The fun of football to a youngster is the throwing, catching, or running with the ball facet of the game. Let’s be real, nobody grows up in the backyard daydreaming abut blocking people for a living. It may seem unfair but it’s honest truth about a severely under-appreciated position. If a kid is really aggressive, he may enjoy tackling, but he’s not thinking about dominating the offensive guard spot.
However, knowledgeable athletes know that the game is won and lost on the line of scrimmage. A great offensive line can control the game, making sure the quarterback has enough time to throw and the running backs have wide lanes to explode through. For an offensive lineman, it’s important to work on strength, technique, and on-field communication with your fellow linemen.
Former Collegiate and All-WAC offensive guard Barrett R. from Chandler, Arizona knows a thing or two about pushing big guys around during football training. With years of experience in coaching youth players, Barrett says that he’s found that young athletes tend to underutilize their strongest joints: their hips. So, he suggests digging into a drill involving the sled.
Barrett explains: “This is a very unique football training drill I find that helps my clients throw or marry their hips. I start the athlete(s) on their knees, sitting back on their heels, with their toes dug into the ground and in a coiled position. Their heads are positioned no more than an inch away from the sled pad. On the command, they go from the coiled position and strike the pad with their hands. If done correctly, the sled is driven a few yards forward and the athlete lands flat on their face.”
Additionally, if one has never actually played offensive line, then they truly have no idea what it is like. Physically demanding, the lineman must attempt to move a player his size or larger on every play. And, unlike other contact grueling positions, there is no promise of touchdowns, 1st downs, or glory for succeeding. More often than not, it’s the offensive line that is blamed for a loss, an overlooked after a win.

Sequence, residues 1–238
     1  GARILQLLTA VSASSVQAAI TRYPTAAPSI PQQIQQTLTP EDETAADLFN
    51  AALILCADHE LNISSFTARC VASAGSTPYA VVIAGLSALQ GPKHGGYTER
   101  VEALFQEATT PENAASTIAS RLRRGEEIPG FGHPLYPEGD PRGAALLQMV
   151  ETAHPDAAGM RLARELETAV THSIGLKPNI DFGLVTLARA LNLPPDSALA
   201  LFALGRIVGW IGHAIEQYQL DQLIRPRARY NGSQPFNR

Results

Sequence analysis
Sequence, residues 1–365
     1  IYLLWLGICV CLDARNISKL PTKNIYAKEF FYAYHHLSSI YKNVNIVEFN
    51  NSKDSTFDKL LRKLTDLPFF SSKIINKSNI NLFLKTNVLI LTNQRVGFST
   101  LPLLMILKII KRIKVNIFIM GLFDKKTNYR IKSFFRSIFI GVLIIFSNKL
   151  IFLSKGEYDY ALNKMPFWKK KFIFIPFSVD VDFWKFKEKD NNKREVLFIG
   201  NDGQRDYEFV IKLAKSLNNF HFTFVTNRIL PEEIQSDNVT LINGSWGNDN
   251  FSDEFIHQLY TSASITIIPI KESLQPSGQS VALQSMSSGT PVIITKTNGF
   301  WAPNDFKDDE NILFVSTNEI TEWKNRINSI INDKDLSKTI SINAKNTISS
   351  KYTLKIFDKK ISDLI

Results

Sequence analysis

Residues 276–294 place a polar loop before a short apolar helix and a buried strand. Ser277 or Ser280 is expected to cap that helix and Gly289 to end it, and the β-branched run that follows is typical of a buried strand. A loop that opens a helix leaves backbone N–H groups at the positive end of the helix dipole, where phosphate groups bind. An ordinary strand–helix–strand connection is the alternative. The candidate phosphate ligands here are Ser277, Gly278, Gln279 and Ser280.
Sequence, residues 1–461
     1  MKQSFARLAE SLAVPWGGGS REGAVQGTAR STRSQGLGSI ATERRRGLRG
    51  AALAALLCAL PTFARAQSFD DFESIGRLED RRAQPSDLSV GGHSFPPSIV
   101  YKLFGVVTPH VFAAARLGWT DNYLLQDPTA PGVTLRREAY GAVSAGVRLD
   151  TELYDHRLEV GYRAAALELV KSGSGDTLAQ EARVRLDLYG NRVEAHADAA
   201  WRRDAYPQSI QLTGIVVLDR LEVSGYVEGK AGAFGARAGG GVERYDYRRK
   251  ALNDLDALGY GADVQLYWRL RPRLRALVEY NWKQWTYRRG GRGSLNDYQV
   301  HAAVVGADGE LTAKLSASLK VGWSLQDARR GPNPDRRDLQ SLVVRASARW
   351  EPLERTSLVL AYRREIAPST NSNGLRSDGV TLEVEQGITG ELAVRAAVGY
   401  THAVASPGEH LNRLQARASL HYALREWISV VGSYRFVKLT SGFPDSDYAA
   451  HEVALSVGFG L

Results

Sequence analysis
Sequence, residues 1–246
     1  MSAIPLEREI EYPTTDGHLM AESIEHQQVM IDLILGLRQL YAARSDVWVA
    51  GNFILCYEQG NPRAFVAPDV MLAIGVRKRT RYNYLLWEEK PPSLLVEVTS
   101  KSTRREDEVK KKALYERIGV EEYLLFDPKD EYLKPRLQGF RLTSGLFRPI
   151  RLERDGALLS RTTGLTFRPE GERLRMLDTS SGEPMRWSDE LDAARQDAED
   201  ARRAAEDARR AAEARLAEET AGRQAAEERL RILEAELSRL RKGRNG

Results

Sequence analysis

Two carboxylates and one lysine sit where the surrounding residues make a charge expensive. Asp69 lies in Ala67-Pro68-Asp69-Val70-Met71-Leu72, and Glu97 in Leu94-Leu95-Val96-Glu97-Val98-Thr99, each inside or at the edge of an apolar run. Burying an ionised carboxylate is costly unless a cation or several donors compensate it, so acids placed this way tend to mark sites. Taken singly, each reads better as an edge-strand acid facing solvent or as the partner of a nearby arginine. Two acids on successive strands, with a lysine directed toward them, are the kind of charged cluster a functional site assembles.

However, that’s not all either and lineman must know who to block and how to block him over a hundred different plays with the defense rarely in the same spot twice. Sounds easy, right? Success for a football team cannot exist without a good offensive line. Offensive linemen generally prefer run blocking, as it is one of the only truly fun aspects of line play to aggressively dominate the defender. Pass protection, although essential, is not fun for most linemen. If a team is going to pass the ball 70-80% of the time, coaches and teammates should keep in mind the big guys who won’t ever throw or catch the ball but will, ultimately and unfortunately, take the blame when after a sack.
(Related: Read about the defensive lineman and their bag of tricks here.)
Offensive line is a position that requires strength, speed, agility, and quickness. But it also requires an intense, yet consistent ability to perform on every play. A running back or wide receiver can have a lousy game and still win and, to an extent, so can a quarterback. But get this: during the 2014-15 season, the ten most sacked teams didn’t make the playoffs. Jacksonville allowed a staggering 4.4 sacks per game en route to an abysmally bad 3-13 record. Following them were Washington, Tampa Bay, San Francisco, Minnesota, Tennessee, Kansas City, St. Louis, Miami, and the New York Jets, all registering close to or over 3 sacks per game and not a single one of them managed to make the playoffs in 2014. So, the next time one of those franchises picks a big, flashy offensive weapon during the draft, you’ll have a newfound appreciation for the forgotten lineman.
Take San Francisco, for example, and Colin Kaepernick — a team that reached the NFC Championship three straight years — and their 3.2 allowed sacks per game in 2014. Ultimately, it doesn’t matter that Kaepernick is one of the NFL’s most talented quarterbacks or that he runs faster than almost anyone when he couldn’t even escape the pocket.
It may not be glamorous or easy, but, undeniably, the offensive linemen are the bodyguards of the game. Often unseen, these are the guys that take hit after hit, blow after blow in order to let the spotlight stay on other players. So, while it may not seem fun at first, stick with it — football wouldn’t exist without you.
Be prepared for the biggest moments by mastering the small ones off the field.